November 2018


Darius James and Amy Doughty’s Cinderella for Ballet Cymru is enthralling. As the lights go down, an invisible narrator speaks an introduction in Welsh, adding an extra layer of magic and mystery to the fairy tale, before the company tells the story with wonderful clarity entirely through dance.

Every aspect of this production knits together in an artistic whole: Jack White’s musical score fits the choreographic action like a glove; Citrus Arts’ aerial effects have dancers as birds, descending from the flies on silken skeins of cloth, and the ingenious use of projection replaces the need for sets and scenery that would clutter the stage. The quality of the dancing was excellent throughout. (more…)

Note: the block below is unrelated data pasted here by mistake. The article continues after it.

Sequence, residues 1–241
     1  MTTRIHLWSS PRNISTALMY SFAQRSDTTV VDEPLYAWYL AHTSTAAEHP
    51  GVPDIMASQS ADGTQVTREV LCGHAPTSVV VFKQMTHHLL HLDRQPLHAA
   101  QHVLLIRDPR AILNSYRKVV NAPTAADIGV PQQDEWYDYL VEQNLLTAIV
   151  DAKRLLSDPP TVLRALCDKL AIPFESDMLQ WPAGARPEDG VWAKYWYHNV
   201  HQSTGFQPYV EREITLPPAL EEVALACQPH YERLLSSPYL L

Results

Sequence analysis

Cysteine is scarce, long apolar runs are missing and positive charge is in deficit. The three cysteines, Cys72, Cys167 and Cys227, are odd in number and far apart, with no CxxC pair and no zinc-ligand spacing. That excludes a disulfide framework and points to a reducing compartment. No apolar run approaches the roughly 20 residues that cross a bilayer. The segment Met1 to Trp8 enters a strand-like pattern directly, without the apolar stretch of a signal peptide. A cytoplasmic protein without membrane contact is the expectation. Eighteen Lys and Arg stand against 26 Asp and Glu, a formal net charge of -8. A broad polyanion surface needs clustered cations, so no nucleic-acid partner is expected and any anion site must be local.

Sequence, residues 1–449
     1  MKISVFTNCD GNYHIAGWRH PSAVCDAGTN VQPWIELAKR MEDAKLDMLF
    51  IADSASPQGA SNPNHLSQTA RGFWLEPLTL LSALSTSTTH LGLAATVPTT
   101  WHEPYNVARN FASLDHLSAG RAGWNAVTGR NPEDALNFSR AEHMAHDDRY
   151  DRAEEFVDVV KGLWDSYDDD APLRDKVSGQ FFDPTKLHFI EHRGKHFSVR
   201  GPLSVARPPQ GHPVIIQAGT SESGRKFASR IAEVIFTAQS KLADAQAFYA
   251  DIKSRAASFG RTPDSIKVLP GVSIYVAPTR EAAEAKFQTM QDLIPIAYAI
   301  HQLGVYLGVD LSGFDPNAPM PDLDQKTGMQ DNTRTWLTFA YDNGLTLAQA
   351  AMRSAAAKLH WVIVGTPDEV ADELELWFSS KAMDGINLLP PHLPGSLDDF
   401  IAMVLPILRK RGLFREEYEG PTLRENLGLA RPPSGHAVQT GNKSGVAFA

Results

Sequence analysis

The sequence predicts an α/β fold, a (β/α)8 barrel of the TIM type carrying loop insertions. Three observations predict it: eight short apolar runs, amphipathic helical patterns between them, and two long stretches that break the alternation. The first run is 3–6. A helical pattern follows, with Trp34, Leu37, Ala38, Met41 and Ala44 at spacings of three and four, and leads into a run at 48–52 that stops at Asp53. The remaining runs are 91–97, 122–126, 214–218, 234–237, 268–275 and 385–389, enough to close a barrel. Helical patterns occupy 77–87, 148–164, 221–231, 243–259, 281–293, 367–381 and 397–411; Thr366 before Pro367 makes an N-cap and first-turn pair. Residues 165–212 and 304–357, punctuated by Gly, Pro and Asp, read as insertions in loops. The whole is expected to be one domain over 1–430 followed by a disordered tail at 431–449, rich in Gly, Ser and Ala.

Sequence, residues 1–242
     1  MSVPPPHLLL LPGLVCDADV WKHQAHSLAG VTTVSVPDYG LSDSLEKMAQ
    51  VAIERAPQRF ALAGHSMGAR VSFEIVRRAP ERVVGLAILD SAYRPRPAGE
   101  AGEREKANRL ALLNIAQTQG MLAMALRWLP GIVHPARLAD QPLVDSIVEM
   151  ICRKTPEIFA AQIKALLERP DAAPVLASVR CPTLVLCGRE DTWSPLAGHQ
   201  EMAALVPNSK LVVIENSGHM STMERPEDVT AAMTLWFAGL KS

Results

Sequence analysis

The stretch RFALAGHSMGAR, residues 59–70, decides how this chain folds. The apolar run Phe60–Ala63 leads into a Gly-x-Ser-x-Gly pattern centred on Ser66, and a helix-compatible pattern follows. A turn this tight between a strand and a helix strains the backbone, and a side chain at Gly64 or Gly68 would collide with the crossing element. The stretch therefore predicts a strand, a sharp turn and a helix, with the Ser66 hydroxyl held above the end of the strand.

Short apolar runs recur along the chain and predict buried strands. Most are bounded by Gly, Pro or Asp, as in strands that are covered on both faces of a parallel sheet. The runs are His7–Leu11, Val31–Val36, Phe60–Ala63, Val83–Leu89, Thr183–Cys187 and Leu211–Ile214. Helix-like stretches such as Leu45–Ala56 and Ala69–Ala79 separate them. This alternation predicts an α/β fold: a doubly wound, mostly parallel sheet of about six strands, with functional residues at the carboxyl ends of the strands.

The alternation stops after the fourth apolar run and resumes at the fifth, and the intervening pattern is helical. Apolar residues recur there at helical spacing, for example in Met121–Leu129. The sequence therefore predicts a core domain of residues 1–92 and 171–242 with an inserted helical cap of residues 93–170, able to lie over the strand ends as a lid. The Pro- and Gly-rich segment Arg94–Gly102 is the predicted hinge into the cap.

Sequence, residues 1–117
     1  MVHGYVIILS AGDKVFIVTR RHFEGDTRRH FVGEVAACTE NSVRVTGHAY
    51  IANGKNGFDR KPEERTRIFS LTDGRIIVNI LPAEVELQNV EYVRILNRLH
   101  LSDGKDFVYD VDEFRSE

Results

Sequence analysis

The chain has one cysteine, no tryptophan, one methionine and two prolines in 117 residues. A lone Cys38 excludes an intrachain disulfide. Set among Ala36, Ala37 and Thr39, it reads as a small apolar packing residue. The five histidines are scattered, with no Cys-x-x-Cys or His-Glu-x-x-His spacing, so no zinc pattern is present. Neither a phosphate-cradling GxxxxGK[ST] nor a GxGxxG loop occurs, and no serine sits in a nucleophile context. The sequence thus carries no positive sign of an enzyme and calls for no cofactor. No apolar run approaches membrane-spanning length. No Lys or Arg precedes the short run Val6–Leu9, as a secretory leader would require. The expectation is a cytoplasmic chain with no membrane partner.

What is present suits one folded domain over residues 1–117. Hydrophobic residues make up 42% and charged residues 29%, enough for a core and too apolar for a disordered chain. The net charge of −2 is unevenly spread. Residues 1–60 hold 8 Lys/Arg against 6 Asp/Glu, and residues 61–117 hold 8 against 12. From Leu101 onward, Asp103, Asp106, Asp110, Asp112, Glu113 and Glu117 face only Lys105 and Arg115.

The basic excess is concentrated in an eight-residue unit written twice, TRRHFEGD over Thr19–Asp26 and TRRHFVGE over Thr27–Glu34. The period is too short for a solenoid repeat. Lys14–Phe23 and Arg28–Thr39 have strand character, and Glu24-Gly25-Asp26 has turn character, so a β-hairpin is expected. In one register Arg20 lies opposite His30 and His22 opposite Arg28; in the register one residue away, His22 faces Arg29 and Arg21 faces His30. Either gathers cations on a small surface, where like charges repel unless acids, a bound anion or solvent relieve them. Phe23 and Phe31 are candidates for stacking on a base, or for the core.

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The star turns of Alastair Marriott’s new work The Unknown Soldier are Es Devlin’s set and Bruno Poet’s lighting design, and if this had been an installation at Tate Modern, I would have been thrilled by the iridescent colours and the use of shadow. As a multi-media ballet at the Royal Opera House, it is less effective: at times the partially lowered curtain bathed in shimmering streams of rainbow light, or the large screen that descended from above, obscured the back of the stage; even from row C of the Amphitheatre sightlines seemed perilous. Marriott aspires to tell his story from a primarily female perspective, drawing on the recorded words of Florence Billington, who is shown in archive footage projected on the front curtain, and danced by Yasmine Naghdi. The other two named roles are for men; Matthew Ball as Ted Feltham (the soldier), and Leo Dixon as the Telegraph Boy, dressed in a kinky shiny uniform with see-through effect. (more…)